"Let the rain kiss you. Let the rain
beat upon your head with silver liquid drops.
Let the rain sing you a lullaby."
I wake up to overcast skies and wind. I conclude that it would be ridiculous in the extreme to drive to the club ride, a flat, 50 miler through the city that a friend told me was "ugly." Why, I reason, would I do this when earth is awakening. There are wild flowers to be seen and green leaves emerging.
My only hesitation is the wind. I know it will be a tough ride out, but I also know the ride home should be glorious. While rain is not expected, I throw in a dollar plastic poncho. It is small and easily portable and I carry one in my bike bag almost the entire spring/summer/fall season. I get two miles from home and find I don't remember unplugging the coffee pot, so I return and find I am correct. I had turned it off but I had not unplugged it. Then I am off to Salem to get a donut.
The ride along Eden Park and Delaney Park roads are some of my favorites. The road is not terrible, there is little traffic, and it is mostly woods or farm land. Recently two Amish families have built alongside the road, and I will enjoy seeing their slow but steady progress. I pass the first home and a baby girl sits in the gravel wearing a baby blue bonnet. She does not appear to be big enough to toddle. The mother and two sons are doing something in the field next to her, farther away from me. The smile of the baby brings a grin to my face. I don't know if I will ever be a grandmother, but if so it will be bittersweet because I will be sad that my husband is missing it. There is nothing like the softness of an infant, the way they melt into your arms as if trying to merge their way back to the womb, the sweet smell of youth. I miss having children around, the laughter of the little ones, the intensiveness of their feelings as they get a tad older. Children laugh from the heart, their whole body writhing with enjoyment, but their sorrows are just as deep. I will miss the children when I retire, but I will not miss the sadness I have seen and have tried to ease. Hard enough to do for your own children, no less those of another.
The second Amish farm has put up a gate, or I assume it is a gate of some type since it is carved to fit into another log, that I find interesting so I stop to take a photo since the house is not right there and I won't be intruding. So often I pass photo opportunities I would love to take because it would be rude. Meanwhile, the sky begins to darken ominously. At the beginning of the large hill into Salem, the rain begins in earnest. I stop to put on my poncho, make sure my phone and camera are encased in plastic, and turn on my lights. Because the rain is heavy and visibility is little, I decide to walk the hill facing traffic to be sure I am seen and because I don't relish riding up the hill encased in plastic. Perhaps, I think, it will diminish by the time I reach the top of the hill. As if to mock me, almost immediately after I think at least there is no lightening and thunder, the thunder booms as lightening flashes across the sky. At the top of the hill, I decide to ride and discover that I have lost my rear view mirror. Briefly I debate retracing my steps to try to find it, but I decide that is probably a lesson in futility, so I get on my bike and ride. The plastic does nothing to help, billowing out like a sail to impeded my forward progress, but it beats the heck out of getting soaked. It is warm, but not that warm yet.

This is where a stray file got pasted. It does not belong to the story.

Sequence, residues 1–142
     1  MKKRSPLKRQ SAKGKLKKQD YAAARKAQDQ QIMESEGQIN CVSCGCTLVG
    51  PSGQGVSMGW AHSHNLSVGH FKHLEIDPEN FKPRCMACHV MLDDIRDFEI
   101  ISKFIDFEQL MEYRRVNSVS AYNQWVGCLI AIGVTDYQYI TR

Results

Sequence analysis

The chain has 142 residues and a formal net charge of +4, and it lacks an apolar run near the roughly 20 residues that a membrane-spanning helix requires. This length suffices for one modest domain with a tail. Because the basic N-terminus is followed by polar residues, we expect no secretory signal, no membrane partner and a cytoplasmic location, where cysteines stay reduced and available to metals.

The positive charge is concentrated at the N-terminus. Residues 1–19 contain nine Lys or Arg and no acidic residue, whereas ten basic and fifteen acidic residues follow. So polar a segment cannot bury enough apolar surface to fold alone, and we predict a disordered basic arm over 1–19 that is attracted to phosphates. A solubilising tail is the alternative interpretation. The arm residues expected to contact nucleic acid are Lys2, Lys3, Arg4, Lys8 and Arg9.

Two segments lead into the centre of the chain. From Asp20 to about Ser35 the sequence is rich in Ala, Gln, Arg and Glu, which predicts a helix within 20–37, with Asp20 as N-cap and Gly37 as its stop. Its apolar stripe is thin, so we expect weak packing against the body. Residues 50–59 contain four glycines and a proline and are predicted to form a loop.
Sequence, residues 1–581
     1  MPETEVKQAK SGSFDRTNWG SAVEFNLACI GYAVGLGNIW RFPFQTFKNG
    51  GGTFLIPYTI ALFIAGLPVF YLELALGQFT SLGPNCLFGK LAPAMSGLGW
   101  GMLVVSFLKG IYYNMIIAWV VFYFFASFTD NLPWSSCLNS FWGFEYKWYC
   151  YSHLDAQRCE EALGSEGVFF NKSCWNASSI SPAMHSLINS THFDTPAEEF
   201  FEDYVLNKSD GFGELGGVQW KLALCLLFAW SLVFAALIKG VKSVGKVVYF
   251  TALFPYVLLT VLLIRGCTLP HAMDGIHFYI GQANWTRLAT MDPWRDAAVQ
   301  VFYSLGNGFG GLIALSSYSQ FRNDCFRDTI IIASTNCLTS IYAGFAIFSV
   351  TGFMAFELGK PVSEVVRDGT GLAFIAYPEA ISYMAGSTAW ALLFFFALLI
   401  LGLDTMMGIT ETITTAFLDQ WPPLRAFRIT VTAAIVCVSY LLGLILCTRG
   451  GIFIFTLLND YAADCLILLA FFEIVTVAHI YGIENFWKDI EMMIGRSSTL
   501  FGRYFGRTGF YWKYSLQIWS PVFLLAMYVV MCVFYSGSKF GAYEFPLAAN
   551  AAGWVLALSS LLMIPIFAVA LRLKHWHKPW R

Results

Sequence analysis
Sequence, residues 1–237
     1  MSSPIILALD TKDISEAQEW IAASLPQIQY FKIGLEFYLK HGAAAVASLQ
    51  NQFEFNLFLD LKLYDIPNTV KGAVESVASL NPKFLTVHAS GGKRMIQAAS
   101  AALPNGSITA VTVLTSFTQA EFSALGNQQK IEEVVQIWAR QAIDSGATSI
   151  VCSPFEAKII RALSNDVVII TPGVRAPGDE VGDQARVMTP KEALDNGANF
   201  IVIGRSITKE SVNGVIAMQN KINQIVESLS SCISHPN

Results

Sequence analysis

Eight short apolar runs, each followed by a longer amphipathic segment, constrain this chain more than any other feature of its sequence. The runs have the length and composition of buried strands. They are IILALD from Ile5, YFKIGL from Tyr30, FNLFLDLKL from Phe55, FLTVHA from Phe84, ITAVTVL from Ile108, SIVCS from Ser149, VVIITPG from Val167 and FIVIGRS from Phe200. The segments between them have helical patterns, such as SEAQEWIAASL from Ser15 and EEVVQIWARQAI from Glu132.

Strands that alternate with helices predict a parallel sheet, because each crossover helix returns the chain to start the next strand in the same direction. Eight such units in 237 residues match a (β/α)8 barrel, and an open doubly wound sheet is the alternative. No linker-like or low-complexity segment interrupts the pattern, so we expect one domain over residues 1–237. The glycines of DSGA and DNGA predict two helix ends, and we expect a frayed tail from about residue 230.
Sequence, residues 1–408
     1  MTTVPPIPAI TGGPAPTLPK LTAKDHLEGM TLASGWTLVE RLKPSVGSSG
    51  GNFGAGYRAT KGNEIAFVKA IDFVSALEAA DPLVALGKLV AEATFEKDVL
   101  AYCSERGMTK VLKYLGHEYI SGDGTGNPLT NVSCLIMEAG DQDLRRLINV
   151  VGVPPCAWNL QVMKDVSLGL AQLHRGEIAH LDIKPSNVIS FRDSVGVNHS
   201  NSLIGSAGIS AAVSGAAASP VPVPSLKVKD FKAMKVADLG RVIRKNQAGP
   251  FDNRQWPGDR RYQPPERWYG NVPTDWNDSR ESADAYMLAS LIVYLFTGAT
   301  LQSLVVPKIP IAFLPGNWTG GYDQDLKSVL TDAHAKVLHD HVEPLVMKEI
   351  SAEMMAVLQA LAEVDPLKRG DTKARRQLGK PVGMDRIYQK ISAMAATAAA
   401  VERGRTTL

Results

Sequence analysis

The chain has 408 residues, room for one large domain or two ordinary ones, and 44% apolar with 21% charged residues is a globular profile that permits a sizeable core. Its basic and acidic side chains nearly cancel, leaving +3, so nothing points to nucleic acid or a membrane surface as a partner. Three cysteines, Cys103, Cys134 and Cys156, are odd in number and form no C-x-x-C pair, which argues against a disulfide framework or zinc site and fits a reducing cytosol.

The rain does let up before I get to the bakery, but it does not stop. At some point, I realize I am enjoying it now that it is not so driving and hard. The above words by Langston Hughes come to mind. I try to remember the name of the professor who showed me his poetry, his magic, but while I can see him in my mind, a slight, dark haired man, Harvard graduate, loved marathons, I can't remember. Arriving at the bakery, I apologize for dripping on their floor and display case, but the girls are nice about it. I sit outside under the awning against the bakery eating my donut while people going into the shop stare. Some look curious, some look hostile, and some look friendly, but they all look at the crazy woman sitting under the awning in the rain eating her carmel iced roll.
I head back out truly missing my rear view mirror as this is the part of the route where there actually is some traffic. The rain stops at the top of Salem Hill on Old 56, a descent I was a bit concerned about due to wet roads. We have had so much rain lately, however, that the roads do not appear to have built up a slick upper coat of oil. I find myself singing Joni Mitchell songs that I have not really sang much since college and I realize that I am happy. Winters may be a problem when I retire, but I do not think I will ever tire of my bicycle and roads he takes me on. Even if it rains. Somewhere along the line, I had forgotten what a joy riding in the rain can be. And then, the biggest miracle of all. I am across the street from my home, look down, and the lost mirror that fell off my helmet is there, hooked on the cables above my front wheel. 49 miles and just another day on the bike.